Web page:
Residents of the states bordering the Gulf of Mexico have more in common with their part of the sea than only salt content. Affecting the well-being of Gulf residents, the Deepwater Horizon oil spill was the largest in United States history, and efforts to respond to the disaster were similar in scale. Neither the United States government nor the responsible party was prepared to mitigate the risks present in deep-sea oil exploration. The lack of preparation and size of the spill forced responders to consider and implement untested strategies.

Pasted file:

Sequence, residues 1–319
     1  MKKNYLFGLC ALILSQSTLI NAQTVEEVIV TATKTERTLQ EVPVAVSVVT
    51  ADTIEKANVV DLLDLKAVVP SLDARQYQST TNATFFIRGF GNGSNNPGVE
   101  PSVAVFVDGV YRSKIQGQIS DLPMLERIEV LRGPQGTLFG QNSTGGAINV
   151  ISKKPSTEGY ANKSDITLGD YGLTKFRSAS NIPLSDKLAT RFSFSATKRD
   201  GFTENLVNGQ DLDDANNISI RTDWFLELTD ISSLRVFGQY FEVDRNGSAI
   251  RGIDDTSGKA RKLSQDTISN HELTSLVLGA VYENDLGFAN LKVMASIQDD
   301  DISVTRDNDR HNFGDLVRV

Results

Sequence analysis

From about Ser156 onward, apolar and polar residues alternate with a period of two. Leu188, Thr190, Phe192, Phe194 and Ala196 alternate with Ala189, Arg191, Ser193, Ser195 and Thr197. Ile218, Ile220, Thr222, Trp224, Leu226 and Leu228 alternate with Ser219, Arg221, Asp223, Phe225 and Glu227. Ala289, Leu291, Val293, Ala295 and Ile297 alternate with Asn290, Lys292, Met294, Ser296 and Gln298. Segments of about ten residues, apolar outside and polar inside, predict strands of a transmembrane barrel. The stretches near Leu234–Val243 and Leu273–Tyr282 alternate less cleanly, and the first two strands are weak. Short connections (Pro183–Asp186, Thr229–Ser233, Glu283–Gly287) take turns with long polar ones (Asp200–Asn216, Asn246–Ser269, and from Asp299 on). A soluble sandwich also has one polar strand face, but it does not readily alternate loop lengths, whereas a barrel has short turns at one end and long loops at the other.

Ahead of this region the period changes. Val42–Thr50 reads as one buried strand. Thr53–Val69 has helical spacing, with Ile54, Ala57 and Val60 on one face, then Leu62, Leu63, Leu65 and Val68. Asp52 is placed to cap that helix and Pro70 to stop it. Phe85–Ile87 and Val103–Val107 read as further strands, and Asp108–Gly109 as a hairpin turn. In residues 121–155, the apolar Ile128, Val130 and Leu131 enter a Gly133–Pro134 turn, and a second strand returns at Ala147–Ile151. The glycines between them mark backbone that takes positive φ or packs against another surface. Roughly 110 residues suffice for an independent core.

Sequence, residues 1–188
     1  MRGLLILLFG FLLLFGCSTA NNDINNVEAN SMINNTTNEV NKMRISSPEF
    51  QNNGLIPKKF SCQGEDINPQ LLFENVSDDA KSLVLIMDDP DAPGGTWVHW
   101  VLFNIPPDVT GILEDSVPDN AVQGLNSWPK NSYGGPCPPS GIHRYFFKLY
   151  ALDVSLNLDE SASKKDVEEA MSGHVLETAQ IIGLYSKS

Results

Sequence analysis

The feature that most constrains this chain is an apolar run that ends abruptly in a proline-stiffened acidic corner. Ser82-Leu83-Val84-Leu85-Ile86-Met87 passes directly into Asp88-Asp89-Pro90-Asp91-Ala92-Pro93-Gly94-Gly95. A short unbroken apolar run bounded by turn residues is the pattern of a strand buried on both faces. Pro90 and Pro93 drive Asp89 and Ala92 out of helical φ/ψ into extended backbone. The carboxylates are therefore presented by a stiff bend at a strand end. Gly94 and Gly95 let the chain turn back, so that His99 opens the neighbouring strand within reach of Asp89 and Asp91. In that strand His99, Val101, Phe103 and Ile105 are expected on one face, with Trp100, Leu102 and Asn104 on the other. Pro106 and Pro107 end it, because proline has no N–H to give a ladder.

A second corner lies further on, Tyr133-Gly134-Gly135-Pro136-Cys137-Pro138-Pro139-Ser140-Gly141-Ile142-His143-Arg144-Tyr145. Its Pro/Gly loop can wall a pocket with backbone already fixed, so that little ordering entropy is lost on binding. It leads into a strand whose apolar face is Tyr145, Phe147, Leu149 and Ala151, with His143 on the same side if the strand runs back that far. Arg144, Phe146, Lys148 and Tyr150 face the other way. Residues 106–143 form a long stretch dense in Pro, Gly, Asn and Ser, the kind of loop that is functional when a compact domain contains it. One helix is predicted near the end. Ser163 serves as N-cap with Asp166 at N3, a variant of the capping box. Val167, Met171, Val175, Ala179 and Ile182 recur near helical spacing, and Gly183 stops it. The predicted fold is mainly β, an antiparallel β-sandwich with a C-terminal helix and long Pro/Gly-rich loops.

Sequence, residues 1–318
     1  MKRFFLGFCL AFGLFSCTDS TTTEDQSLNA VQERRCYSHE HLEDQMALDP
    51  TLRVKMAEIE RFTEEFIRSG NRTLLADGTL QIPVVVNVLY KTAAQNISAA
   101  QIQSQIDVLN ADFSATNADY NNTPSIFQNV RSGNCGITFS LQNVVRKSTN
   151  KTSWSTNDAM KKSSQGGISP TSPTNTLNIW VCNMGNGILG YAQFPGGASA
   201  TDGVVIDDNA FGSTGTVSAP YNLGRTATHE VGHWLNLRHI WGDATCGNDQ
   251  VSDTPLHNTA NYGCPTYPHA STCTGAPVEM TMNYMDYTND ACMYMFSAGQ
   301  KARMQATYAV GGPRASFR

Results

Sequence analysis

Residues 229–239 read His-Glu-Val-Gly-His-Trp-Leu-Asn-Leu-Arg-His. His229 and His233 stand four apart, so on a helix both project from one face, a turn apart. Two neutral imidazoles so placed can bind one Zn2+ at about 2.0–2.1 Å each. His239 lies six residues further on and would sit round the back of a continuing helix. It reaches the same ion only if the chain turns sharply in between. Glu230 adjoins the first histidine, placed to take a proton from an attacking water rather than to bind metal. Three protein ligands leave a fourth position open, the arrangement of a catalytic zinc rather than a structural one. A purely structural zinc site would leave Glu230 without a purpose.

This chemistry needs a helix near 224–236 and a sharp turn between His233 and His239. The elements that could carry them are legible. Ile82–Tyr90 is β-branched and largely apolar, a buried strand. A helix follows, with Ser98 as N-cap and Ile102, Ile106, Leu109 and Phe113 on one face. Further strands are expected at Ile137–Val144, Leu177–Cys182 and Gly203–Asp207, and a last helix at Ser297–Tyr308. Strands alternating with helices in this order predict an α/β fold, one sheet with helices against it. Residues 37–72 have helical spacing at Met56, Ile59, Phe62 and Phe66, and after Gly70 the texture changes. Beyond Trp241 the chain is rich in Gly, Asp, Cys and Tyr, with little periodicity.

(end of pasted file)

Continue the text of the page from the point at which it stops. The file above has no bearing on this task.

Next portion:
Private actors must consider the potential liability of their actions. Government, shielded by sovereign immunity, does not need to utilize the same calculations. This Note will suggest that government should waive its sovereign immunity during oil spill response actions in light of the controversies surrounding the Macondo Well blowout. This Note argues that United States government response efforts were detrimental to the national welfare and, although a similarly situated private party would be liable for the citizens’ injuries, the United States will not be held accountable. . .